Paying for It: Cloud Costs and Billing Models

Next up at ECS was a panel session led by Allan Leinwand, Venture Partner at Panorama Capital

The speakers were:

Allan opened with the example of MCI, who owed a lot of its success to the introduction of a “Friends & Family” scheme. No new technology, nothing new, just a new billing model. This is why clouds are exciting, they offer an opportunity to revolutionise the domain with new pricing models.

How do cloud computing models affect budgeting?

Richard: We’re going to give departments the ability to manage their usage, but they are in more direct control of it.

Thorsten: It’s all about visibility and control. Provided you have both, you can make the decisions and budget more or less as normal. You actually have more control with cloud computing. For example Skytap can alert you when your usage goes over a threshold.

Grace: It’s important to think about who your audience is. They don’t worry about the pricing model. They’re thinking about the task. So it’s important that the pricing model works for the end user as well as IT. Lack of understanding about a pricing model may deter users from using the application completely.

Jesse: The kinds of metrics that exist in the cloud are ones that should already exist at the CIO level in a large enterprise.

Allan: CPU hours are a different kind of unit which are not well understood by decision makers.

Jesse: The educated finance organisations understand waste. One of the key driver for cloud service adoption is virtualisation. Ask your IT department what percentage of our aggregate utilization are we actually using. 2%? Cloud spurs us to look at our usage more intelligently.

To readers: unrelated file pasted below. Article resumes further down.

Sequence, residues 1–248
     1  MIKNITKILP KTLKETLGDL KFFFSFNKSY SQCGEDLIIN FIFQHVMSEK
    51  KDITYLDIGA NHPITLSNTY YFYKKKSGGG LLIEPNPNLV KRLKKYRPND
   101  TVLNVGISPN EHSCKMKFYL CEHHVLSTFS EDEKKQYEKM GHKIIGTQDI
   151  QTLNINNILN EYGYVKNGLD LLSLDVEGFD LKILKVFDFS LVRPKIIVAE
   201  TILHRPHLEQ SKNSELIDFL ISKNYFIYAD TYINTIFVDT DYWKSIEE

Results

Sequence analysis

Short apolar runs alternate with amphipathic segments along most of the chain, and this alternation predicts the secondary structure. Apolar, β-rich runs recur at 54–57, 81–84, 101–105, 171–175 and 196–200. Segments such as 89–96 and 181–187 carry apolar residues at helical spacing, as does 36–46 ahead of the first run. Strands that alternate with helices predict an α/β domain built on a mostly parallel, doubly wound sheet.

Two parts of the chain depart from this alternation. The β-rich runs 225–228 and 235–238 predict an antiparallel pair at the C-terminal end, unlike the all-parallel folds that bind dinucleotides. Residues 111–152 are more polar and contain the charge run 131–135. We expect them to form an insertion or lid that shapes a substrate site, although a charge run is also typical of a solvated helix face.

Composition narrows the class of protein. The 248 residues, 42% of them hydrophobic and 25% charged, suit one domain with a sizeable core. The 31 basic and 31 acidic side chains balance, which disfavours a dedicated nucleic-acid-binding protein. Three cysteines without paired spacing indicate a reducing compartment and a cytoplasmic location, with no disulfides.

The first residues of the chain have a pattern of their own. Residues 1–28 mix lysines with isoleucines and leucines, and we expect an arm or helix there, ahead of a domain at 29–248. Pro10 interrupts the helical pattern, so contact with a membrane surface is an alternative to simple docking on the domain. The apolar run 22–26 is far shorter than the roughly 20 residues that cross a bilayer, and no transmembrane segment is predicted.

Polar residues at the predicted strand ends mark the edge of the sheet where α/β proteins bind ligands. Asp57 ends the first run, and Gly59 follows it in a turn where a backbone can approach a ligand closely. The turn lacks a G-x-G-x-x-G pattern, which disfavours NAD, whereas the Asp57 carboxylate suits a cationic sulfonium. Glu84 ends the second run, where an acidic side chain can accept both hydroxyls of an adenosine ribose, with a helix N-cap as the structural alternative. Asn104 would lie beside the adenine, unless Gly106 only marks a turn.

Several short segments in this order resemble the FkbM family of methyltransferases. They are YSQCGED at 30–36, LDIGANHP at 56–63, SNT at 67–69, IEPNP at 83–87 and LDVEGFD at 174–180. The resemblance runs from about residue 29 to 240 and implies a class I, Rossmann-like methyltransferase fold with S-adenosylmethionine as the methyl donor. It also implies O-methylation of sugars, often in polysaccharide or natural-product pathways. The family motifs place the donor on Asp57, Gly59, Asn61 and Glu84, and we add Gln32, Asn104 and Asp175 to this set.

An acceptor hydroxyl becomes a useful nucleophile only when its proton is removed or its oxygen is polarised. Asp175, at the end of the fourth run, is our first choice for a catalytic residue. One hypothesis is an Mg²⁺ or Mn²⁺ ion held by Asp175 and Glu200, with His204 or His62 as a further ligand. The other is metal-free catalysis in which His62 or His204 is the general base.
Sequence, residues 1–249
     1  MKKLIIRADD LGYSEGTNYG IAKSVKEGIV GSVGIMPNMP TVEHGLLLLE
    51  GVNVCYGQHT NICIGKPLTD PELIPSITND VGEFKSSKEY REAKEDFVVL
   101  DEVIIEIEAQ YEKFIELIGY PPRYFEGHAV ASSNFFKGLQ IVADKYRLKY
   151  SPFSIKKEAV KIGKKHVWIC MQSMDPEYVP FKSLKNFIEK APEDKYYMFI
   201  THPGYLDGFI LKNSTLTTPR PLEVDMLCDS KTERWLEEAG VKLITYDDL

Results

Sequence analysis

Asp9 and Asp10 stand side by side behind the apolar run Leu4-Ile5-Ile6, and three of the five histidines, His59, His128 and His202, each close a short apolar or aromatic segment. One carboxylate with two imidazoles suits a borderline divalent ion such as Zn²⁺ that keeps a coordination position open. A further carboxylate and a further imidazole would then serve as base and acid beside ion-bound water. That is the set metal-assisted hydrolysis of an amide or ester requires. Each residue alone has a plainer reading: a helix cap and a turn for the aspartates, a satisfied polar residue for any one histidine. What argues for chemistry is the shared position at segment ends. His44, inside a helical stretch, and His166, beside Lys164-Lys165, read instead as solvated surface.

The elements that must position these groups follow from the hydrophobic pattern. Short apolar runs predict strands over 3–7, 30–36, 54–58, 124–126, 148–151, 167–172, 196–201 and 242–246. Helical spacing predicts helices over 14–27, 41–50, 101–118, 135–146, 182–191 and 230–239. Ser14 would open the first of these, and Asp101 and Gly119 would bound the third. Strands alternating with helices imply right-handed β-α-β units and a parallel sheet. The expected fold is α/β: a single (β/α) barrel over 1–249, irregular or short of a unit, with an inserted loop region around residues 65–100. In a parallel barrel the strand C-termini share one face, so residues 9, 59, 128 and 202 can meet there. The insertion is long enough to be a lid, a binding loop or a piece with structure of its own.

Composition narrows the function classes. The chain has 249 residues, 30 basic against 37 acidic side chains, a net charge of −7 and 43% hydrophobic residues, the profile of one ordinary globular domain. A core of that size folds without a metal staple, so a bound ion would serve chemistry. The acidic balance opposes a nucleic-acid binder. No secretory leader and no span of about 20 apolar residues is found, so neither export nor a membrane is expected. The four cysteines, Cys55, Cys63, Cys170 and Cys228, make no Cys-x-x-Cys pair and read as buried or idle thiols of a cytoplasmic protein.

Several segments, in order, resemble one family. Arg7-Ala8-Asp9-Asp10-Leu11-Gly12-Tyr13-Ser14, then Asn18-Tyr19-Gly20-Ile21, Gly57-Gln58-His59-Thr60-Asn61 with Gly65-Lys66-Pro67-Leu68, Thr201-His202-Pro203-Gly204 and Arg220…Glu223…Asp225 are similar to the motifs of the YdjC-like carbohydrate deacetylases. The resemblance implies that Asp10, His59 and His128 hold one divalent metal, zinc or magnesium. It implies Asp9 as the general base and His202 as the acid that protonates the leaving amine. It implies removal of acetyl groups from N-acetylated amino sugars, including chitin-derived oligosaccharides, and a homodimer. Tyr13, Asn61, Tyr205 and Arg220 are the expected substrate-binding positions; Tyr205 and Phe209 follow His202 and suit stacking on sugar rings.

Richard: It’s easy to spin up, but people forget about spinning down.

Grace: Flexibility is the key thing. You may not be sure, but that’s ok when flexibility is built in and you can adjust. It’s very important too to choose a model where you’re not penalizing end users doing their jobs.

What sort of bill, what sort of contract should we expect?

Grace: We give our customers options – the shorter the contract the more you pay. We also have add on bundles and services.

Thorsten: We found it important to align the contract duration to the payment. If you don’t you’re creating a problem for your organisation. We do metering ourselves but we outsource the billing itself.

Jesse: One of the most important parts of this transition is that sysadmins want to try stuff prior to having to sign contracts and make heavy commitments. Easy free onboarding is key. As you grow, you then look at those more formal aspects. A transition from free to pay is how the early adoption is going to come.

Richard: We believe you have to have a compliant cloud (PCI etc). We are doing hourly billing with no commitment.

Jesse: … which is almost the same as free.

Grace: It’s easy to offer free trials. We find that pay per use rarely grows as new people come in and old ones sign up for contracts etc.

Would you ever offer flat pricing, like cellphones or internet DSL? Should it evolve to that?

Richard: We played with that. It may be possible down the road but it’s not right now.

Jesse: SMS is my favourite example. You’re paying for a free to provide uplift. Everyone would want to charge like that.

Grace: We found end users like the unlimited usage best, they don’t have to think.

Are there any products or tools for billing?

Thorsten: We use Aria which is a SaaS billing service, which keeps things simple.

Jesse: There is also Zoura and Evapt. Google and Amazon and Paypal are in the field too.

Richard: We used to use Aria. Licayla (sp?) too. But you can use us (OpSource)